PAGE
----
University of Leeds is the only university to offer a course at the undergraduate level dedicated exclusively to studying the topic of the Responsibility to Protect. ‘The Responsibility to Protect and to Prosecute’ is a third level undergraduate module offered in the School of Politics and International Studies (POLIS) at the University of Leeds.
Undergraduate level Module: The Responsibility to Protect and to Prosecute (PIED 3502)
Professors: Dr Adrian Gallagher and Dr Cristina Stefan
Objectives: This module aims to provide students with an advanced knowledge of the contemporary debates that surround the Responsibility to Protect. In so doing, it will provide students with an in-depth understanding of the issues that surround prevention and prosecution through a focus on case studies, the emergence of the R2P as a norm, and the International Criminal Court. The outcome of which is that students will be able to critically analyse some of the most important developments in contemporary international affairs.
On completion of this module, students should be able to:
- Demonstrate appropriate cognitive, communicative, and transferable skills including an ability to evaluate advanced concepts, to employ primary and secondary sources, to present reasoned and effective arguments in written and oral form, to pursue independent learning and to show critical judgement
- Understand key concepts such as legitimacy, international law, sovereignty, and humanitarian intervention.
- Demonstrate an ability to compare and contrast different case studies of mass atrocity crimes
- Critically analyse the political nature of international legal developments through an analysis of the International Criminal Court.
A Masters level module dedicated exclusively to the topic of the Responsibility to Protect will be offered in the School of Politics and International Studies (POLIS) at the University of Leeds in the next academic year (2017-2018). Graduate students will have access to this module.
Graduate level Module: The Responsibility to Protect
Professor: Dr Cristina Stefan
Objectives: This module explores in depth the contemporary debates related to the ‘Responsibility to Protect’ (R2P) doctrine of protection, which is one of the most important developments in world politics in the last decades. The module provides students with an in-depth understanding of the key legal, political, ethical issues surrounding R2P. It starts with the context within which the idea of R2P took shape, and addresses the existing bodies of theory concerned with the nature of protection and the foundations of the political and international order, including theoretical debates and controversies that are relevant to R2P and international protection in mass atrocity situations. The students will explore, in detail, the strength and legitimacy of the R2P norm, its relationship with international law, and several cross-cutting themes, such as linkages between R2P and conflict prevention, ‘Responsibility while Protecting’, and specific case studies to which R2P applies. The main outcome relates to students achieving an advanced understanding of debates about the implications, policies and challenges related to implementing ‘The Responsibility to Protect’ in contemporary international affairs.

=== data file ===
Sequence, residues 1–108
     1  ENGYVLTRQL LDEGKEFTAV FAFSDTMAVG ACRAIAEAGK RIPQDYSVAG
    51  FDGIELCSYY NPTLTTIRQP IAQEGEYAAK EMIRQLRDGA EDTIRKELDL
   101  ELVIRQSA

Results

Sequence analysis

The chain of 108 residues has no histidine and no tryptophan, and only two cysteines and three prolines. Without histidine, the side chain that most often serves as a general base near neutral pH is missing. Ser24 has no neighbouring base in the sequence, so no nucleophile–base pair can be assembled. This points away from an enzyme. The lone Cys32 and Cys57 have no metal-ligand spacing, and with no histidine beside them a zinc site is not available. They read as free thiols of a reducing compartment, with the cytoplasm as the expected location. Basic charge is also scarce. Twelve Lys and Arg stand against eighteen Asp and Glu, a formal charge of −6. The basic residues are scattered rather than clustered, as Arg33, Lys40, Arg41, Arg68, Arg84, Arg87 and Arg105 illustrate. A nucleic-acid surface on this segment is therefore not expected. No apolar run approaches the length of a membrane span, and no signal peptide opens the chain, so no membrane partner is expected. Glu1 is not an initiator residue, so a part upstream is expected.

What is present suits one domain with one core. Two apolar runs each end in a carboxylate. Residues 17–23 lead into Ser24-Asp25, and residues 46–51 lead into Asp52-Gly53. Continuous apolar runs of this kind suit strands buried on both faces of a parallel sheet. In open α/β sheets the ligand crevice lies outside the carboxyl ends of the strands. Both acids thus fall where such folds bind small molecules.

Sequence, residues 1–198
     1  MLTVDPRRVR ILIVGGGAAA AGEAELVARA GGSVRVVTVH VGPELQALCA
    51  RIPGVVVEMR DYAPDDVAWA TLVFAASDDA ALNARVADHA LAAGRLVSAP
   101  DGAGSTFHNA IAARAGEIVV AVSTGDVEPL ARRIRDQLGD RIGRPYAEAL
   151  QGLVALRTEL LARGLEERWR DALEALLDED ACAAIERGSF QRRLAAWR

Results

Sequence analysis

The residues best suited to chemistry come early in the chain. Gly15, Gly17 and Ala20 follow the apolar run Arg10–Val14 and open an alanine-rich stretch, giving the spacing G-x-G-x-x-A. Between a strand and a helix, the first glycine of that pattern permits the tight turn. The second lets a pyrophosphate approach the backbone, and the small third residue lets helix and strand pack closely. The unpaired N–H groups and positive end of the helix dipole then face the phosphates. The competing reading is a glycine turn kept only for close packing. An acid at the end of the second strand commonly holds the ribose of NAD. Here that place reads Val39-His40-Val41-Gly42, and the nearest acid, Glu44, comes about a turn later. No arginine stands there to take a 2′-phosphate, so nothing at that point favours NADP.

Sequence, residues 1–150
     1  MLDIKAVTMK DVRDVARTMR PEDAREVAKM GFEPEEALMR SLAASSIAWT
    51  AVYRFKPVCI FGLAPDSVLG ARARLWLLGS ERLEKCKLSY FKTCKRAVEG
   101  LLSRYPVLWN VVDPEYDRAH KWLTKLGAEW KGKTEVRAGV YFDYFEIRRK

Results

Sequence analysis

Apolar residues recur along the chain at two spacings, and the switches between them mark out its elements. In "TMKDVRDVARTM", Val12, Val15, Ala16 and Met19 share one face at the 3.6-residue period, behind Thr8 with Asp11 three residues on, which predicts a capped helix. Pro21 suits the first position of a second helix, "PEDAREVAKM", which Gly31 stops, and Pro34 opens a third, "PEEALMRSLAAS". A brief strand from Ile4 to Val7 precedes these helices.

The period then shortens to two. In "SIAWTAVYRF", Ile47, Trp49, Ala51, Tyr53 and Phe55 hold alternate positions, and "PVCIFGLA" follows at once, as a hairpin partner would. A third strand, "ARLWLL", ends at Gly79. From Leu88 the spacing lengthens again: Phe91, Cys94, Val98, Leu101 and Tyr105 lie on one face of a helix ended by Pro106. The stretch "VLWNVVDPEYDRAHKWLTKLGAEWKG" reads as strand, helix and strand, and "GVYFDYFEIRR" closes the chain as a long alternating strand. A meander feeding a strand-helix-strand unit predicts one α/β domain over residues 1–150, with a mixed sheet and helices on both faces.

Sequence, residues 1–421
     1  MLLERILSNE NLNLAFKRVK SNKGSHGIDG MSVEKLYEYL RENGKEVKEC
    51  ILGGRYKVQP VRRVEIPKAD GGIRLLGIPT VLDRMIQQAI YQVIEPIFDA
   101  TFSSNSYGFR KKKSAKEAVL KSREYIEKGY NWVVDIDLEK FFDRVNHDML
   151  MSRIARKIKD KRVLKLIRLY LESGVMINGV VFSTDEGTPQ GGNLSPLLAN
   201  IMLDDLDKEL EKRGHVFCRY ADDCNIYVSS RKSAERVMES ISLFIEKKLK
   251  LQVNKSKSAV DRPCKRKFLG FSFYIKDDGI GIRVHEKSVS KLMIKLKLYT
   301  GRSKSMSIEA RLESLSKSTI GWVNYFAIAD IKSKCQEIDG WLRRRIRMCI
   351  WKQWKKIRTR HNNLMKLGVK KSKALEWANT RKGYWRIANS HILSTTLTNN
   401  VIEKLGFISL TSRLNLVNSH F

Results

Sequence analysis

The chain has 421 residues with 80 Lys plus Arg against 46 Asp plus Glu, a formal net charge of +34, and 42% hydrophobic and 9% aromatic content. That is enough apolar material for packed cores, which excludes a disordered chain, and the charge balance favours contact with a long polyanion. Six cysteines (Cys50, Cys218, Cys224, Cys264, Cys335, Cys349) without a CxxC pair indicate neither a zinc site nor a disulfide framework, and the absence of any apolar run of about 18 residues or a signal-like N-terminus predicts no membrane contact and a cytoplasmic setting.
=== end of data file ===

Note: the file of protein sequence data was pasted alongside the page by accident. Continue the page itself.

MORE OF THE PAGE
Through this module, students will be able to:
- Acquire a masterly awareness of key academic debates on international protection in cases of mass atrocity, and on The Responsibility to Protect;
- Demonstrate the ability to apply theoretical concepts on R2P to the analysis of contemporary cases of mass atrocities, and develop an ability to compare and contrast different case studies of mass atrocity crimes;
- Demonstrate an understanding of some of the key policy debates within international and regional organisations (the UN, EU, AU) relevant to the implementation of the R2P and its political nature;
- Thoroughly understand the distinct elements of the Three Pillars of the R2P, and how they relate to key concepts such as sovereignty, legitimacy, the use of force, and international law;
- Develop appropriate communicative, research, and transferable skills including an ability to evaluate advanced concepts, to present reasoned and effective arguments in written and oral form, to show critical judgement, and to pursue independent learning.
Last updated March 10th 2017